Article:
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What is a Spectrometer?

What is A Spectrometer?

A spectrometer is an instrument that scientists use to determine information about an object or substance through the analysis of its light properties.

With its help, any unknown compositions are broken down into basic elemental components or lights emitted from far away galaxies can be used to determine information about space objects, including their size and speed.

Further, it can split up white light and measure individual narrow bands of colour. That is referred to as a spectrum, in visible light. On the other hand, a mass spectrometer measures the spectrum of the masses of the atoms or molecules present in a gas. Now let us discuss the types and usage of Spectrometer.

History of  Spectrometer

It all started since 300 BC when Euclid began work with spherical mirrors. In the late 17th century, Isaac Newton introduced the word spectrum. In order to describe the range of colours made by scattering light through a prism.

Early 19th century, witnessed the first spectrometers began appearing by many scientists. In older times spectrometers used a small slit and lens. One that passed light through a prism to refract the light into a spectrum projected through a tube for analysis.

spectrometer

Types of Spectrometer

1) An Optical spectrometer- The intensity of light as a function of wavelength or of frequency. Moreover, deflection is caused either by refraction in a prism or by diffraction in a diffraction grating. These spectrometers utilize the phenomenon of optical dispersion.

2) A Mass spectrometer- It is an instrument that helps to identify the amount and type of chemicals present in a sample.  By measuring the mass-to-charge ratio and abundance of gas-phase ions.

3) A Time-of-flight spectrometer- The energy spectrum of particles of known mass can also be measured by determining the time of flight between two detectors (and hence, the velocity) in a time-of-flight spectrometer.

4) A Magnetic spectrometer- It is a device which is useful in measuring the momentum of charged particles. Or their distribution of intensity versus momentum. Similarly, it happens by passing the particles through a magnetic field. It bends their paths in proportion to their momentum.

Parts of Spectrometer

  • The Rhea – It is a flexible spectroradiometer platform.
  • The Filters – It is a filter wheel with four neutral density (ND) filters of varying optical densities (OD1, OD1.3, OD2, and OD3) which allows the instrument to operate at low luminance up to very high brightness levels.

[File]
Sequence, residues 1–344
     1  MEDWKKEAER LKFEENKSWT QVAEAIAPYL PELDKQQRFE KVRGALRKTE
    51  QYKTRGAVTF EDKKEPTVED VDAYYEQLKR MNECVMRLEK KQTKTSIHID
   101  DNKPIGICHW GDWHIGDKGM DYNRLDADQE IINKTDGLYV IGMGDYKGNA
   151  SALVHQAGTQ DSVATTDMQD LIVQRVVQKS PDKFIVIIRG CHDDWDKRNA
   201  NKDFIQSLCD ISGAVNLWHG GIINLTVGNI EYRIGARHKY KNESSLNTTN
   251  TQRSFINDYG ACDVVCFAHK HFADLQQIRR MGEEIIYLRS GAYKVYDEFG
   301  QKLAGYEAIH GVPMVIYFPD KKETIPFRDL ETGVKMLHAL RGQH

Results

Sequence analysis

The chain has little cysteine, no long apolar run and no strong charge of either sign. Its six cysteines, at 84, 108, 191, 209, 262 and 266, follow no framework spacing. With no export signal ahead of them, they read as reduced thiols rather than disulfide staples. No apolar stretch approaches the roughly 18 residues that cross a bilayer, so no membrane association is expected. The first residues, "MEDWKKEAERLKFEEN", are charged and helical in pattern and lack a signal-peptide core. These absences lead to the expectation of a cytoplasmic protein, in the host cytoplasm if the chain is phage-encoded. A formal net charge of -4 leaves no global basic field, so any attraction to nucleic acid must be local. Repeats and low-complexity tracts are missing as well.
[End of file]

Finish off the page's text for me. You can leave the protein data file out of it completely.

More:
• The Slit – The slit allows light to enter the spectrometer and controls the resolution.
  • The Concave Mirror – It reflects the beams of light, altering their path to make them as close to parallel as possible before they reach the diffraction grating.
  • The Diffraction Grating – It splits the light and disperses individual spectral.
  • The Detector – also known as Charge Coupled Device (CCD)

Function of Spectrometer

Firstly, we need to pass the light through a spectrometer. It then breaks the light into its spectral components. After that, they then digitize the signal as a function of wavelength, and read it out and display it through a computer.

Moreover, the initial process is to direct light through a fibre optic cable into it through a narrow aperture known as an entrance slit.

The slit controls the light as it enters it. Thus, the width of the slit affects resolution; the narrower the slit, the higher the resolution.

In most of them, collimation of the divergent light occurs by a concave mirror and directed onto a grating. Consequently, grating disperses the incoming radiation and then disperses each of the individual spectral elements by wavelength, projecting them onto a detector via the second concave mirror.

Uses of Spectrometer

Some of the major applications include the following:

  1. Monitoring dissolved oxygen content in freshwater and marine ecosystems
  2. Studying spectral emission lines of distant galaxies
  3. Characterization of proteins
  4. Space exploration
  5. Respiratory gas analysis in hospitals
  6. Pharmaceutical analysis – Drug discovery and absorption, distribution, metabolism, etc.

Question for you

Q. Who invented the spectrometer and why?

Ans- German chemist Robert Wilhelm Bunsen and the German physicist Gustav Robert Kirchhoff invented it in 1859. Similarly, it was made to identify materials that emit light when heated thus knowing their composition and energy levels.

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